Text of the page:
The “wild west” of medical cannabis might not be so wild should a group of seven Oklahoma House Republicans find a path to passing a legislative package aimed at cleaning up the state’s program.

    Headlined by Majority Floor Leader Jon Echols and Rep. TJ Marti, who chairs the chamber’s Alcohol, Tobacco and Controlled Substances Committee, a group of state lawmakers outlined a 12-point plan to better regulate Oklahoma’s medical cannabis industry during a press conference March 7.

    The majority of that plan is directed at weeding out “bad actors” in the state, while patient safety and protecting Oklahoma farmers from liability are also at the forefront of the proposed bills, Marti said.

    The seven-member House working group on medical cannabis—which also includes Reps. Rusty Cornwell, Scott Fetgatter, Kevin McDugle, John Pfeiffer and Jay Steagall—has spent months collaborating with fellow legislators, regulators, law enforcement and industry experts to come up with the plan, Marti said.

    When Oklahomans passed State Question 788 via a 56.9% majority as an initiated statute on the June 2018 ballot, they voted for a legal medical cannabis “free-market program,” Echols said.

    “The black market is not the free market,” he said during the press conference. “What is happening right now in the state of Oklahoma, and this is even more emphasized by the most recent largest illegal drug bust in the history of the state of Oklahoma … is we have seen black market elements competing with legitimate Oklahoma businesses. They are putting our citizens at risk. They’re doing things in an illegal, unethical manner. We know we have issues with human trafficking. We know we have issues with tainted product. And this is the House’s plan to do something about it.”

    Marti piggybacked on those comments.

    “We’ve worked diligently to create legislation that will deliver what the people of Oklahoma voted for when they voted for State Question 788—a safe, free, legal market that is regulated appropriated,” he said. “So, of our 12-point plan, nine of our [points] are directed to weed out the bad actors.”

    Marti went on to outline that plan:

    • Making the Oklahoma Medical Marijuana Authority (OMMA) a standalone agency
    • A grant program for sheriffs’ departments that will fund law enforcement efforts in every county
    • Full implementation of a seed-to-sale system (which OMMA contracted Metrc for)
    • Provisional licensing that will require inspections and increased documentation before approval
    • Tiered licensing fees based on grow size to cover all costs of the state program
    • Separate licensing for medical cannabis wholesalers
    • All medical cannabis businesses must post a standardized permit outside their business to help assist law enforcement in recognizing who is operating legally
    • Requirement for stringent electrical and utility usage reporting by growers to OMMA
    • Annual inspections for grow sites, in addition to allowing OMMA officials to conduct unlimited inspections of any site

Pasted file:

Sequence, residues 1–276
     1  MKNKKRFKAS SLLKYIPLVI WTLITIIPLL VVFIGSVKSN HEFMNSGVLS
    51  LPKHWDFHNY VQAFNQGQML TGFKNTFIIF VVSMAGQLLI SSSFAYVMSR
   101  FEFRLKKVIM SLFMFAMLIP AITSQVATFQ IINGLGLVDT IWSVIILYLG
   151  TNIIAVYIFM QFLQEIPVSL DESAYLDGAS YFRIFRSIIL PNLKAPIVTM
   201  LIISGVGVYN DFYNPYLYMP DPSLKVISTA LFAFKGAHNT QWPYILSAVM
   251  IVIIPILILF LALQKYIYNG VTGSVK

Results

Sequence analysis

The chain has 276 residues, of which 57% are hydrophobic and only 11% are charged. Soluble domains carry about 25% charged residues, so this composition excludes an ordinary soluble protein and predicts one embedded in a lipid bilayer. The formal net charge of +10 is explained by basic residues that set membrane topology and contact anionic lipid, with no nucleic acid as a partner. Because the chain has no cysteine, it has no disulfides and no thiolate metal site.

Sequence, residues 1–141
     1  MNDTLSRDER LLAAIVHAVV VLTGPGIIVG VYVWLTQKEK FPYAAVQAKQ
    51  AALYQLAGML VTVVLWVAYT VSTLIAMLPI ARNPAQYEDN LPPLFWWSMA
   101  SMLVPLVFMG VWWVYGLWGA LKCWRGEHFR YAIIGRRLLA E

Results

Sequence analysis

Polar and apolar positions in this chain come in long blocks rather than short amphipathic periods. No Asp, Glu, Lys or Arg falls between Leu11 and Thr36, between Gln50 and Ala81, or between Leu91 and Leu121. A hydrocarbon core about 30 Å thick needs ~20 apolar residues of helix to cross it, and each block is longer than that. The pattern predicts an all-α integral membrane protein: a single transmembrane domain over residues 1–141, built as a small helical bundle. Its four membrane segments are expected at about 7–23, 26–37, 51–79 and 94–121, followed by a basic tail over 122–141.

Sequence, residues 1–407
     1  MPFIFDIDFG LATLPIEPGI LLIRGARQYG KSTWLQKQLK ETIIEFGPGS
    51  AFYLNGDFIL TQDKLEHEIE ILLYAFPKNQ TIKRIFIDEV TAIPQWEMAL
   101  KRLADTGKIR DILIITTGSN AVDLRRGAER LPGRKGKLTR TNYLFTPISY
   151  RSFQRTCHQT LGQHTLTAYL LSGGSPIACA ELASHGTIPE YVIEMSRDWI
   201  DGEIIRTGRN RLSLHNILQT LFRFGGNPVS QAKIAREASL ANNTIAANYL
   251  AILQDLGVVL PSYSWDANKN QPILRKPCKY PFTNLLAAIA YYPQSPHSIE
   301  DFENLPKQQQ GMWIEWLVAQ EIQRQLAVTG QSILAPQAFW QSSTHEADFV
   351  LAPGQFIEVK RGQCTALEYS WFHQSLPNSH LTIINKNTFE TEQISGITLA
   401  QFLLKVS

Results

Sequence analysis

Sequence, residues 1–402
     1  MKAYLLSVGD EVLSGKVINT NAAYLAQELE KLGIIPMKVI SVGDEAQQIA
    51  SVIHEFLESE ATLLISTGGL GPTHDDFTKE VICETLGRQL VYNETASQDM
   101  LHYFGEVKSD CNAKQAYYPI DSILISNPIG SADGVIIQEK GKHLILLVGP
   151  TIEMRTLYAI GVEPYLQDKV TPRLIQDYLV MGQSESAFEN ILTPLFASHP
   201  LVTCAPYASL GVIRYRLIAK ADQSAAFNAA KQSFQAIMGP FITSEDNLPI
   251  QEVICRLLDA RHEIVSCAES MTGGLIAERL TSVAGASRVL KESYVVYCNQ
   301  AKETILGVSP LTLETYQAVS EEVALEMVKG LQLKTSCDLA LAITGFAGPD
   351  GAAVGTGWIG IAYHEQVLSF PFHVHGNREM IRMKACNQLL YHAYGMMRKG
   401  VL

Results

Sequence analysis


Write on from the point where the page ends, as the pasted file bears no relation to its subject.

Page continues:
• Product packaging standards, including expiration dates
    • Standardized laboratory equipment and testing procedures throughout the state
    • Requirement that medical cannabis growers register as environmentally sensitive crop owners with the state’s Department of Agriculture and Forestry

    Mari also pointed out that OMMA recently found middle ground with the state’s medical cannabis licensees in a class-action lawsuit filed last year, allowing the agency to move forward with contracting Metrc as the provider of the state’s tracking system.

    The seed-to-sale system, combined with requirements to report electrical and utility usage to OMMA, will better allow the state to identify illegal activity, Marti said.

    “We’ll be able to easily figure out who’s growing and who’s selling what they’re growing, and who’s selling less than what they’re growing,” he said. “We’re pretty excited about that.”

    Also, while OMMA regulators recently have conducted as many as 300 inspections in one week, Marti said the proposed legislative package would double the number of agents in the field doing on-site reviews.

    Fetgatter went on to outline how the bill package would work with State Question 788 and build on legislation passed last session.

    Specifically, Fetgatter mentioned House Bill 2674 , which allowed OMMA to increase its inspectors from single digits to nearly 200 officers; H.B 2272 , which requires medical cannabis businesses to disclose foreign financial interests; and Senate Bill 1033 , which allowed for memorandums of understanding between OMMA and other state agencies.

    “Those bills last year had a large effect on … the illegal operations being shut down over the past year,” Fetgatter said. “These [proposed] bills combined with our work in the past year … work together to create a multifaceted approach to extinguish illegal grows in the state of Oklahoma. If you’re an illegal operator in the state of Oklahoma, your time is up.”

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